Kolkata: Eastern Railway will celebrate the Golden Jubilee of its most prestigious Kolkata Rajdhani Express on Sunday in a befitting manner. Harindra Rao, General Manager, Eastern Railway, will first convey his best wishes and greetings of this epoch-making occasion to all the passengers of the train and then will release a greetings stamp to mark this special event memorable. To mark the occasion, brand new linen and disposable napkins with the greetings of the 50 years of the Express train will be distributed among the passengers. Greetings messages will be sent through SMS by CRIS to all the passengers of the Kolkata Rajdhani Express on Sunday who have registered their mobile numbers in the requisition slip. Standees communicating the greetings messages on the occasion of celebration of 50 years of this historic train will be installed at five different locations. Special cake-cutting ceremony will also be arranged to commemorate it. Greetings of this historic occasion will be telecast in the video wall of the station and in the destination boards of the train as well as will be communicated through public address system.
Kolkata: Police on Wednesday night arrested a Bangladeshi national and recovered from his possession 400 pieces of methamphetamine tablets commonly called as Yaba weighing around 40 grams.Acting on a tip off, the policemen raided a guest house in Collin Lane in the Park Street where the accused, Tapas Ahmed, was residing. The police said Ahmed, a resident of Hazaribagh in Dhaka, came to the guest house a couple of days ago. The police recovered the psychotropic substance generally smuggled from Burma. Also Read – Rs 13,000 crore investment to provide 2 lakh jobs: MamataAccording to the police the value of seized drugs is around Rs 80,000. Police suspect that the accused used to sell the narcotics to boarders staying in the guest houses and hotels of Collin Lane, Marquis Street, Free School street area, including the foreigners. During the preliminary investigation, the police came to know that Ahmed used to get these substances from Burma and smuggled into the country via Bangladesh. Police also suspect that some of the employees of the hotels and guest houses are involved in the incident. The police are trying to identify them. Also Read – Lightning kills 8, injures 16 in statePolice said Ahmed has been staying in the country for quite sometime. He also failed to provide passport or any valid documents. These tablets were circulated among the college students and the inmates of various hostels and guest houses in various parts of the city. There is a demand of these tablets among the college students. Police are also investigating if the accused has been a part of any international drug peddling racket. A detailed probe has been initiated in this regard. A case was started by the Park Street police station and the accused has been booked under Section 22(b)/29 of the NDPS Act.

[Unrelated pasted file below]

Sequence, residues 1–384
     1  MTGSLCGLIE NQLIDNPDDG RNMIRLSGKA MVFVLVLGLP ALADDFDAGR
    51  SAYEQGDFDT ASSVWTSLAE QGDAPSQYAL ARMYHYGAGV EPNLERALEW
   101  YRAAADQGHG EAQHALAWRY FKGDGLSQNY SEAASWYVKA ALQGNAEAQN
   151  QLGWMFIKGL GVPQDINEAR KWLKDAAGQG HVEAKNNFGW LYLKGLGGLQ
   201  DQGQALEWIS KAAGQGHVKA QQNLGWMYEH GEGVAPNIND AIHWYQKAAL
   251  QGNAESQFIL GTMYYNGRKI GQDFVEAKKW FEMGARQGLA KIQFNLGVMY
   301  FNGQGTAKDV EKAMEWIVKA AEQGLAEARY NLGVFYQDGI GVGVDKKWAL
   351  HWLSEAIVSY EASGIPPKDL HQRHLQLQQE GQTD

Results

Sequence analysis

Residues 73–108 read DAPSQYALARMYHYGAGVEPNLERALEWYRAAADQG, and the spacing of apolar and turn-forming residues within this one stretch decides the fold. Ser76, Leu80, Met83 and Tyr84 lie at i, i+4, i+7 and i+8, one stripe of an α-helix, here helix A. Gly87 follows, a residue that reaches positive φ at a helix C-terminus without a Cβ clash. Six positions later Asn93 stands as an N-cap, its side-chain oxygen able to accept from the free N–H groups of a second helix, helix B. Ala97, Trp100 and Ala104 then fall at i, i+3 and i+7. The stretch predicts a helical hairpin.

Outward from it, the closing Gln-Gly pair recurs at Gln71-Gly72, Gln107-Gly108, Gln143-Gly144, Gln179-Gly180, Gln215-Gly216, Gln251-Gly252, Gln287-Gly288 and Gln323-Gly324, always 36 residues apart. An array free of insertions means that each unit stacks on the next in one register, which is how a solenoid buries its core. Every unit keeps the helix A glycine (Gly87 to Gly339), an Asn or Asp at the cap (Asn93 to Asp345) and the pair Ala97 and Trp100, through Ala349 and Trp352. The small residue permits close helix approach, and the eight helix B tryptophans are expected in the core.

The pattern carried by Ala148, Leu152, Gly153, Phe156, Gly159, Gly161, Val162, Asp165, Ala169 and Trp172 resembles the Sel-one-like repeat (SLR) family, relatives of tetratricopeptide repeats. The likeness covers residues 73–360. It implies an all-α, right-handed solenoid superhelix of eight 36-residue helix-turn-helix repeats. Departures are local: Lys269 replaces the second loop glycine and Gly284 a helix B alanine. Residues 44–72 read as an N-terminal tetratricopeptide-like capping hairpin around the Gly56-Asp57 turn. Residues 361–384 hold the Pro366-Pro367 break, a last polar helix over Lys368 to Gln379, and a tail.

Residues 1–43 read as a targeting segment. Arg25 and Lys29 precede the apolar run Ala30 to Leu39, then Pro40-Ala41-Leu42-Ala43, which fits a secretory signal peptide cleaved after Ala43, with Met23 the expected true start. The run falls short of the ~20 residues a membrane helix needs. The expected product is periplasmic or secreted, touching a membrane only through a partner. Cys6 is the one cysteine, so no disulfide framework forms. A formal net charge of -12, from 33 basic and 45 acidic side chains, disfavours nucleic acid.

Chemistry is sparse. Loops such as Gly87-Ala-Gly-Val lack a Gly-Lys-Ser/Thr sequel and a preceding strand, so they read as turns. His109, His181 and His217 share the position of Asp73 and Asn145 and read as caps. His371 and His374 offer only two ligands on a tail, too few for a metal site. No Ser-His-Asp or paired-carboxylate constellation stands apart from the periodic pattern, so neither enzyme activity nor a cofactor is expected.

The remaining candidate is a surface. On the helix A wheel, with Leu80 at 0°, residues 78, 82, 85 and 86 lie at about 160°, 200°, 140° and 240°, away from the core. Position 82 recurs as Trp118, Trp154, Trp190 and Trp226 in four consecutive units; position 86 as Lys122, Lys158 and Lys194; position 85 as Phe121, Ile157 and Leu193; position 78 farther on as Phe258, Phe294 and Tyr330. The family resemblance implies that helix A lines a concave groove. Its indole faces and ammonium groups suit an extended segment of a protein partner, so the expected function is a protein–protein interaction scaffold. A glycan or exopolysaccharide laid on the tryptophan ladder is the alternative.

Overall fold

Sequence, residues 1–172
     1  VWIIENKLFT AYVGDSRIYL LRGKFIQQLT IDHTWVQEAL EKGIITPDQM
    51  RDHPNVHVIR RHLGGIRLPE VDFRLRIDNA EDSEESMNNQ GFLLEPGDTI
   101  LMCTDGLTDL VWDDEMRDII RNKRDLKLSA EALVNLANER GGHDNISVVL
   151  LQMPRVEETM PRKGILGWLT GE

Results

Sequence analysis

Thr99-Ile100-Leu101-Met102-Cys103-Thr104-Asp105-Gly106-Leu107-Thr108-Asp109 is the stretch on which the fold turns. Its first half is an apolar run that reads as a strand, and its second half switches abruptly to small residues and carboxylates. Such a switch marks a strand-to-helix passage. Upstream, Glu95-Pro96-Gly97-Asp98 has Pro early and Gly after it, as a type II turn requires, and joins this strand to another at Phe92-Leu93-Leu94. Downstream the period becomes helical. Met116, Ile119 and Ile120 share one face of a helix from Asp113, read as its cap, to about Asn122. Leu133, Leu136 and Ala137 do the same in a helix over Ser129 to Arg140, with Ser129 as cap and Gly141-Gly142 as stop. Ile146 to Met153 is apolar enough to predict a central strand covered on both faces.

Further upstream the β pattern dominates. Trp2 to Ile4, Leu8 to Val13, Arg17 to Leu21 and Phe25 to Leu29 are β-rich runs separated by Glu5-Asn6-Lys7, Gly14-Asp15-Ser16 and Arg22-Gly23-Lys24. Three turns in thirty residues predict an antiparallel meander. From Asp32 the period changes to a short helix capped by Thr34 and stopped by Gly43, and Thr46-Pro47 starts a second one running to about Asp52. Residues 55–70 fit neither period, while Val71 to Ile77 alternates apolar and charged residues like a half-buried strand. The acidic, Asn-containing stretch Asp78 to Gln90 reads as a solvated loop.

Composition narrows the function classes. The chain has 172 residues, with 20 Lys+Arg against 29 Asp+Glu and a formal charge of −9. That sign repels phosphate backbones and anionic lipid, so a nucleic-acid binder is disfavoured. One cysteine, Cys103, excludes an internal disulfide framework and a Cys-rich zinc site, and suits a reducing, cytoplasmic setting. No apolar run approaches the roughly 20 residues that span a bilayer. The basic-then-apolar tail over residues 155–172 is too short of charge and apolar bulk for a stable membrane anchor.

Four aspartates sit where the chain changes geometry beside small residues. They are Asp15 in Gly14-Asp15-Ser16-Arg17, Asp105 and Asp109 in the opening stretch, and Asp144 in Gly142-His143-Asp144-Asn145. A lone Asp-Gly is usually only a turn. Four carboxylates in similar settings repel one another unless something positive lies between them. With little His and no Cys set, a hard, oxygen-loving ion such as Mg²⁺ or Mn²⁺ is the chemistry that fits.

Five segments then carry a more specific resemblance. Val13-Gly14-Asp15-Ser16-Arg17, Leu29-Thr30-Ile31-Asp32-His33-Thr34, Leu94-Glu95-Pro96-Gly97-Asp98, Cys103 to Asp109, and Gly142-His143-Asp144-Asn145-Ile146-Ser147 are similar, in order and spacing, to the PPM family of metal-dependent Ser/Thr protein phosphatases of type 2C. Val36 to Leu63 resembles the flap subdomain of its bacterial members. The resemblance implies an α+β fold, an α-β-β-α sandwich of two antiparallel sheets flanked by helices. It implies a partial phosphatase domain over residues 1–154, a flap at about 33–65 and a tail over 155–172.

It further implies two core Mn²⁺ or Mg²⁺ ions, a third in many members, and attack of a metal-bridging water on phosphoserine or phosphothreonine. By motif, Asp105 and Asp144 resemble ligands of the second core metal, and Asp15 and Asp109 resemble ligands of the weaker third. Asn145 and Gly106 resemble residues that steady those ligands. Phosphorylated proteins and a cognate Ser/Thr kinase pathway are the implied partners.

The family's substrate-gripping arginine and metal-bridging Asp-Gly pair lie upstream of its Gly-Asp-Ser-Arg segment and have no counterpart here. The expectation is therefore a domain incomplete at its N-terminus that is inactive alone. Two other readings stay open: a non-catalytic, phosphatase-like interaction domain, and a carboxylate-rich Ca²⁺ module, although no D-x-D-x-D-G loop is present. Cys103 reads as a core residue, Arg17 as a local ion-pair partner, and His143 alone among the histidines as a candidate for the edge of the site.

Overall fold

Raw foods are said to be the healthiest for the body as cooking through traditional methods such as frying or baking causes a significant nutrient loss. However, there are a few other methods through which you can enjoy your favourite foods while deriving considerable health benefits from them. Experts list some tips on how one can keep the nutrition of food intact. – Poaching is a great way of preparing fish, meat, eggs and fruit. Simmer food in a small amount of water in such a way that it retains its moisture and essential nutrients. As water does not add any fat to food, poaching is considered an extremely healthy cooking method. Also Read – Add new books to your shelf-Blend instead of juicing: While juicing fruits and vegetables, you essentially remove all the fibrous material from the final product and are left with a rather sugary juice. Blending whole fruits and veggies keeps the pulp and fibre intact so you consume a thicker, more wholesome juice or smoothie. -Don’t peel: Most fruit and vegetable peels are rich in vitamins, minerals and antioxidants. To keep maximum nutrients intact while cooking, it is, best to boil, grill or poach without peeling. Also Read – Over 2 hours screen time daily will make your kids impulsive-Grill to ensure the least amount of nutrient loss while making the fat drip off. The high heat from grills seals in the moisture within food, so there is no additional butter or oil required to cook. -While boiling food, retain the cooking liquid for future use (like soups and stocks) as most of the nutrients leach out into the water during the boiling process. Use pots with lids while cooking (Pressure cooker is a better option). -Do not store fruits and vegetableS for a longer period of time, eat them as fresh as possible. -Eat freshly cooked food and avoid re-heating it as it destroys the chemical structure of nutrients and makes them impotent. -Wash vegetables and fruits before cutting and chopping them (never wash them after it is cut as the nutrients will drain into the water). -Harmful enzymes are activated by high temperature, so it is best to cook food in a preheated pan or oven or in water that is already boiling.